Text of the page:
When our twins were around 18-months to 3-years old, I could clearly understand the case for corporal punishment. They were able to do things that seriously endangered their life (like run out into the street) or the well-being of their family (like constantly bite their twin) but were unable to listen to or learn from my explanation for why they shouldn't do these things. It seemed obvious to me that spanking was the only way to change their behavior.
But when I discussed my conclusions with my husband, Dan, to my surprise he didn't agree. "I just don't think it's ever right to hit someone who is smaller and weaker than you," he said. And when he put it that way, I had to agree. Once hitting was off the table, we discovered there are all sorts of other ways to correct your toddler's behavior. I hadn't considered these options--I hadn't bothered to investigate them, to learn about them--as long as I was willing to consider spanking.
This experience taught me first-hand one of the fundamental insights of non-violence. Because we are humans, violence is often our gut-level response to any problem. It is easy to convince ourselves that it is the only response to a problem because it is the easiest one to think of, and it has a funny way of crowding out other solutions. But when we take violence off the table, when we eliminate violence from our possible responses to situation, we discover a whole world of other options. Our creativity steps in to build a world of solutions as soon as we take violence off the table.
I'm reminded of a story told at the wedding of dear friends. The groom's brother, an artist, described an exercise in a painting class where the students were instructed to paint using only one color. At first the project seemed impossible, but then, the creativity of the class exploded. Somehow, by limiting options, imagination found new and fertile ground.
I don't, of course, know anything, really, about the work of professional interrogators. I don't really want to know more about their work than I already do. I understand the impulse to let they have all the tools they could possibly need to do their job. Let them decide--they are the experts. I really don't need to know. (And here the closing scenes of Munich are haunting....)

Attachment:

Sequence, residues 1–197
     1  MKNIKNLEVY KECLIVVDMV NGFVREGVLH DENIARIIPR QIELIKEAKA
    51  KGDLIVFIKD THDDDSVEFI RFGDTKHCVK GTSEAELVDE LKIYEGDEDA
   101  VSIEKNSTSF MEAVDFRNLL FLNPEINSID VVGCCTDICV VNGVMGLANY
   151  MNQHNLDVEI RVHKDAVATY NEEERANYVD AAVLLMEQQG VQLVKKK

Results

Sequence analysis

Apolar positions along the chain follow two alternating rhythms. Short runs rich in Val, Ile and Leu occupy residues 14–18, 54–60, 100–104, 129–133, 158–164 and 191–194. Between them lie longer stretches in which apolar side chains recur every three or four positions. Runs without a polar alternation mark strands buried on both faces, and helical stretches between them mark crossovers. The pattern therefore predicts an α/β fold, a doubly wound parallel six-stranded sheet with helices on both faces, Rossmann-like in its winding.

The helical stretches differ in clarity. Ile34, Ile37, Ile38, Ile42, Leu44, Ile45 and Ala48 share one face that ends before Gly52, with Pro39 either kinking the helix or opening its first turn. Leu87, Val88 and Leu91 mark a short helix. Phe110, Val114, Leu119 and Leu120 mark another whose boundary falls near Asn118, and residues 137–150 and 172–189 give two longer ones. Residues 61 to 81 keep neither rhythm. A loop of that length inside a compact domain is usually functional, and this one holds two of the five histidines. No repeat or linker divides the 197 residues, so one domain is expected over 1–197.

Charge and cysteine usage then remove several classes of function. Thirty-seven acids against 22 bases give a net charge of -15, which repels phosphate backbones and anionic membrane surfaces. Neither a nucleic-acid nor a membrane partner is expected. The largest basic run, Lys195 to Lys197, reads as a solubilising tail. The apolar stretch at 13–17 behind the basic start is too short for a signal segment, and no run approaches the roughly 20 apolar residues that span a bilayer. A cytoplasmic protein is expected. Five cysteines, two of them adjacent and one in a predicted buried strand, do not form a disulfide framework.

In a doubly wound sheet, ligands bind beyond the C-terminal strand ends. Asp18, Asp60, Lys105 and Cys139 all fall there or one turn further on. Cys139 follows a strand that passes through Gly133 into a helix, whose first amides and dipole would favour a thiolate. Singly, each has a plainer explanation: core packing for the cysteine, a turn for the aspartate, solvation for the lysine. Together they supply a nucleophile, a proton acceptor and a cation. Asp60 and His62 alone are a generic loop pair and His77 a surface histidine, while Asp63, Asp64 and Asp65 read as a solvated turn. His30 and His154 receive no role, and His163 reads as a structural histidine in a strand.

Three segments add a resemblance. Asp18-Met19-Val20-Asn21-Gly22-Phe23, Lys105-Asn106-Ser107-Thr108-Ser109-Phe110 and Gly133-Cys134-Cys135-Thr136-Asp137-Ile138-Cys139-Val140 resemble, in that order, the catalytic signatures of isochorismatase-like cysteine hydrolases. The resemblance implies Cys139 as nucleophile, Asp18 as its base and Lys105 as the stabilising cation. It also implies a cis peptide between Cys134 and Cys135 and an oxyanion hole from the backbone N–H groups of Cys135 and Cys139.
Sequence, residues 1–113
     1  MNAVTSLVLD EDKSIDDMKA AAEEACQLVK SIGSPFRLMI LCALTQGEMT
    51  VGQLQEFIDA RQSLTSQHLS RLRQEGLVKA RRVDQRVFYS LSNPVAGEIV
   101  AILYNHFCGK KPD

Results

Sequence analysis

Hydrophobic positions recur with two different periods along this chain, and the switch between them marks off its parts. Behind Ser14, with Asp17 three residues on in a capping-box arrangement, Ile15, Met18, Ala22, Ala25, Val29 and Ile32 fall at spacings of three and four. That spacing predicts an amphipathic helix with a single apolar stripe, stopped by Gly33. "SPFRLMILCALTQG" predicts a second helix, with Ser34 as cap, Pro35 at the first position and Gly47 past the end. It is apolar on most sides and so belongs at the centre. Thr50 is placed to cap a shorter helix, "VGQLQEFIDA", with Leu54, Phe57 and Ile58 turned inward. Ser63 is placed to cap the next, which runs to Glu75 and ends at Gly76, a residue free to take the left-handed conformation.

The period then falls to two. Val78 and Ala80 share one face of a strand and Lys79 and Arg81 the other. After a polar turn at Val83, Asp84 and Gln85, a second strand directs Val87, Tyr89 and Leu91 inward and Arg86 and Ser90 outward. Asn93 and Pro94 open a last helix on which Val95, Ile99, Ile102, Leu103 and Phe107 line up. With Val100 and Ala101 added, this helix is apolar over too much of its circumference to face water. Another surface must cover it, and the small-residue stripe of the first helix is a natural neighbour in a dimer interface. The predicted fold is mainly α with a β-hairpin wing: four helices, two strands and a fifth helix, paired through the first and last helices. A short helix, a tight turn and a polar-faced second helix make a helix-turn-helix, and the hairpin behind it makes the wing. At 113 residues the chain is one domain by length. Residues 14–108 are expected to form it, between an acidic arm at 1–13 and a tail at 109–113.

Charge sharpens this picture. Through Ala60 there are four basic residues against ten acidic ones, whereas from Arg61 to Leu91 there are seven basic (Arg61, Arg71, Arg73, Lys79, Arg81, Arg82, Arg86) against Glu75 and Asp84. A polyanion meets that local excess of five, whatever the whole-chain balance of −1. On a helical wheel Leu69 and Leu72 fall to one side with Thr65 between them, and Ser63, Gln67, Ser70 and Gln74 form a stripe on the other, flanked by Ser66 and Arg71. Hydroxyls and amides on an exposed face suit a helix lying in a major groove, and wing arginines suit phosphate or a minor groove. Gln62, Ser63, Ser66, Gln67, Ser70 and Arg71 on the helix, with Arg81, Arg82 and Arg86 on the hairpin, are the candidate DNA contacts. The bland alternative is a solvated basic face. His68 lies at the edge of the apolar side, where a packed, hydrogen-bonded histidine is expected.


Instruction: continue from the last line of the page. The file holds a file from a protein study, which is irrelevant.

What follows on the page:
But in my gut, I know this response is a cop out. I do know something about violence--we all do. I know that when the "last resort" options are no longer options, we find other ways to act, other ways to work. And I am heartened by the many testimonies by former interrogators I've read over the past year who have quite clearly explained that there are other options--many of them more effective, all of them more humane. The article in the Post's Outlook section today by Judge Evan Wallach ("Water-boarding Used to Be a Crime") is just one more voice in a growing chorus.
We've sold our car with the bumper sticker that read, "Who Would Jesus Torture?" But I feel more strongly than ever that this country needs to be clear with itself and with the world that torture of prisoners is not an option. Attorney General nominee Mukasey may be able to slither past this issue, but as a Christian, I know I can't.
It seems to me that torture and violence are rooted in fear and a sense of helplessness. If we can face our fears and recognize that we are not helpless, that we have the power to confront our fears with other options--with hope and compassion and imagination and trust in God's presence--then we may be able to step back from our instinctive resort to violence and create a world of peace.
Posted by: Ann Ivester | 11/05/2007 at 05:48 PM
I've had three kids, and we didn't strike any of them. There were so many pressure points and places of leverage to use. We never had trouble with discipline. We just didn't use physical types. They're fine and I feel clean.
Posted by: real live preacher | 11/05/2007 at 08:30 PM